March 30: The Party of Bad Faith and Billionaires
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Broccoli and Bad Faith (NYT)
Paul Krugman argues that the Supreme Court conservatives grasping for reasons why Congress lacks the power to do anything that they don’t like have forgotten the most important distinction: the one between a judge and a politician.
Who Captured the Fed? (NYT)
Daron Acemoglu and Simon Johnson write that FDR tried to make the Fed accountable, but it became too politicized. Now it’s viewed as “independent,” which is a central banker term for answering to Wall Street instead of elected officials.
Is the GOP Still the Party of Business? (Baseline Scenario)
James Kwak notes that the business community that saw Republicans as steadfast allies is realizing there’s a difference between being the party of business and the party of billionaires, whose preferred economic policy is “Screw you; I’m a billionaire.”
In a Shift, the World Bank’s Next Likely President Is Facing 2 Rivals (NYT)
Annie Lowrey reports that despite the well-received nomination of Jim Yong Kim to head the World Bank, many countries are still under the impression that they should have a choice instead of just being glad they weren’t stuck with a walking disaster.
The Shadow of Depression (Project Syndicate)
Brad DeLong writes that the government’s job, especially during a major downturn, is to mitigate risk by matching up supply and demand. Sadly, ours would hesitate to throw a drowning man a life preserver for fear of crowding out private rescuers.
Is the Economy Growing Faster Than We Knew? (NYT)
Binyamin Appelbaum notes that economists scratching their oft-bearded chins about why the job market recovery is going pretty well when GDP growth is nothing to write home about should try paying attention to gross domestic income instead.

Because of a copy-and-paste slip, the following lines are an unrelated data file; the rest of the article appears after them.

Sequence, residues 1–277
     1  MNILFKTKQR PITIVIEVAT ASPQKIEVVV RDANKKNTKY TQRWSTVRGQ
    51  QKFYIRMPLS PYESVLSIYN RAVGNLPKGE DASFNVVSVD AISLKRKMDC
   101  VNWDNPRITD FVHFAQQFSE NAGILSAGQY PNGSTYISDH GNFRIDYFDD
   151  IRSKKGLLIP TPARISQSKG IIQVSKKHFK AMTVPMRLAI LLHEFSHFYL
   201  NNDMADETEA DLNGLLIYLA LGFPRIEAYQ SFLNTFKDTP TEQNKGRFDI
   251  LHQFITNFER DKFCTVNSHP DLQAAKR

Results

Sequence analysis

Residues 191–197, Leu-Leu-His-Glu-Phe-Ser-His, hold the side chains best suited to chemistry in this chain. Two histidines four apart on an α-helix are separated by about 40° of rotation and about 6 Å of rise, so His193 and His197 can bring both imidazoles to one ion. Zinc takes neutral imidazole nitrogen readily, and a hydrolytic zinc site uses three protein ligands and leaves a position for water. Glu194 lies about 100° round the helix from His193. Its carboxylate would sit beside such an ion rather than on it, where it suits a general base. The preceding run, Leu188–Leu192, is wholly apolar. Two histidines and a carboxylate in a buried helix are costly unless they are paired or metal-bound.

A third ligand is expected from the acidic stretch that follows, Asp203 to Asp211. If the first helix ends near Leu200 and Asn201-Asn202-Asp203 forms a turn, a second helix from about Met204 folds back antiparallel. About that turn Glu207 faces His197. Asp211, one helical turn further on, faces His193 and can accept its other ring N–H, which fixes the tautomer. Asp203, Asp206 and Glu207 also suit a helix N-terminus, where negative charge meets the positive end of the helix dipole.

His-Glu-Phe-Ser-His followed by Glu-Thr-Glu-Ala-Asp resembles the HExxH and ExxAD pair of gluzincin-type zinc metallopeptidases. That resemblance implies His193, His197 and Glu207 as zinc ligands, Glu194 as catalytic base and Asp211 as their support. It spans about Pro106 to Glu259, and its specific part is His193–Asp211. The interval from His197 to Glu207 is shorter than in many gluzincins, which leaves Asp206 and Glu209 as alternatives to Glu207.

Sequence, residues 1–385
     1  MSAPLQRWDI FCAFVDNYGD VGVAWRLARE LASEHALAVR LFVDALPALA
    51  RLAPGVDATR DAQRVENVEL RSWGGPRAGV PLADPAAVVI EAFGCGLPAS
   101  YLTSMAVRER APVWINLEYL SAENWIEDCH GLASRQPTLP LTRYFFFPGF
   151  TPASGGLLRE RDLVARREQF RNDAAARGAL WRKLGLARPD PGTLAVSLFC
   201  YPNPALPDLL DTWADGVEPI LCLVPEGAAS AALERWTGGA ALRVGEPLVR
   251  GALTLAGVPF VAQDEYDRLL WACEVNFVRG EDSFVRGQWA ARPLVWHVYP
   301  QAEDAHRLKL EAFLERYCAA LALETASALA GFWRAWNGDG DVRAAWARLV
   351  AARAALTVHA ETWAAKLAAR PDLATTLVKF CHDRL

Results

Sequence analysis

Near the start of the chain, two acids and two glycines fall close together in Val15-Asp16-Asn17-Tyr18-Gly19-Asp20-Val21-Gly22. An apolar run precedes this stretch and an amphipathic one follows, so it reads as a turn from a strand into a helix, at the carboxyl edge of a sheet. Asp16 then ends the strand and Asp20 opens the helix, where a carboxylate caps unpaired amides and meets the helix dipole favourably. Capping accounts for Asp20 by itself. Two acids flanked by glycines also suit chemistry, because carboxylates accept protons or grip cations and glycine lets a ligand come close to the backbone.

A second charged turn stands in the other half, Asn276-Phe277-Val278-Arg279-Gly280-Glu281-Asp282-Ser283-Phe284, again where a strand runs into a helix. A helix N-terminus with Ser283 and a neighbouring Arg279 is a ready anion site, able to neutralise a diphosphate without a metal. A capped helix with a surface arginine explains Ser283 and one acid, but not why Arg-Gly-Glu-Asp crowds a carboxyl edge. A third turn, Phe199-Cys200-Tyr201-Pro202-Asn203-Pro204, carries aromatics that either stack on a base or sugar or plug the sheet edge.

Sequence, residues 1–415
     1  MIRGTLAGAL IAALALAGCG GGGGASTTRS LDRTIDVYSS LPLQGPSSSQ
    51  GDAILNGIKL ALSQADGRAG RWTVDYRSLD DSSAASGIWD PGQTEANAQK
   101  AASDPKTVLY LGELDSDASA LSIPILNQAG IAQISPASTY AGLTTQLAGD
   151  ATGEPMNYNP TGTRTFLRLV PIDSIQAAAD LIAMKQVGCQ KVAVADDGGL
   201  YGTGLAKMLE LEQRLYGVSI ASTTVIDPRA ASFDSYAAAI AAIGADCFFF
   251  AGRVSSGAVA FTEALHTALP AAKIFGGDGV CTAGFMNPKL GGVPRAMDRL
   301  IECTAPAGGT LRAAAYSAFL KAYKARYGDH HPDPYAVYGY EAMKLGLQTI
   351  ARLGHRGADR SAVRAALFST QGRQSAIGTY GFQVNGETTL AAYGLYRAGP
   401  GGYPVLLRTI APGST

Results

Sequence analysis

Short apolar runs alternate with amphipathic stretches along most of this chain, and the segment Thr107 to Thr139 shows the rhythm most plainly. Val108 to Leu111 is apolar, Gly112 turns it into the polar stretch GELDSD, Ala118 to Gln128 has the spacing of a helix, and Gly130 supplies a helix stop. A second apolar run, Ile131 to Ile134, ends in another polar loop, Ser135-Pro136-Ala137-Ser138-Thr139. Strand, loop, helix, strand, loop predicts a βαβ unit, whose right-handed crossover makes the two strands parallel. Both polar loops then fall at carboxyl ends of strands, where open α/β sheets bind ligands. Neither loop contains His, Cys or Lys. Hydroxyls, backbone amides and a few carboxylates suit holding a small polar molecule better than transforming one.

No, the affordable housing push didn’t cause the subprime crisis (WaPo)
Suzy Khimm flags a St. Louis Fed report that finds Fannie and Freddie didn’t buy up risky securities because they were being forced to help poor people against their will, but because, like other subprime investors, they were out to make money.
What Are We Doing? (On the Economy)
Jared Bernstein argues that if politicians really think education is the key to the future, they must not want to start the ignition, because they’re cutting funding for Pell grants when U.S. college attainment has been stagnant for a generation.
While White House Emphasizes Easing Student Debt Burden, Fed Contractors Play Hardball (ProPublica)
Marian Wang writes that both the president and his Department of Education are focused on the problem of student debt, except the former wants to relieve it while the latter is hiring debt collectors to strongarm people into unaffordable payments.
Paul Ryan Finally Meets a Budget Cut He Hates (MoJo)
Paul Ryan loves and respects the leaders of America’s armed forces so much that he just knows they’re lying straight to his face when they come to him and tell him that they don’t think we need to waste quite so much money on defense.
With additional research by Roosevelt Institute intern Elena Callahan.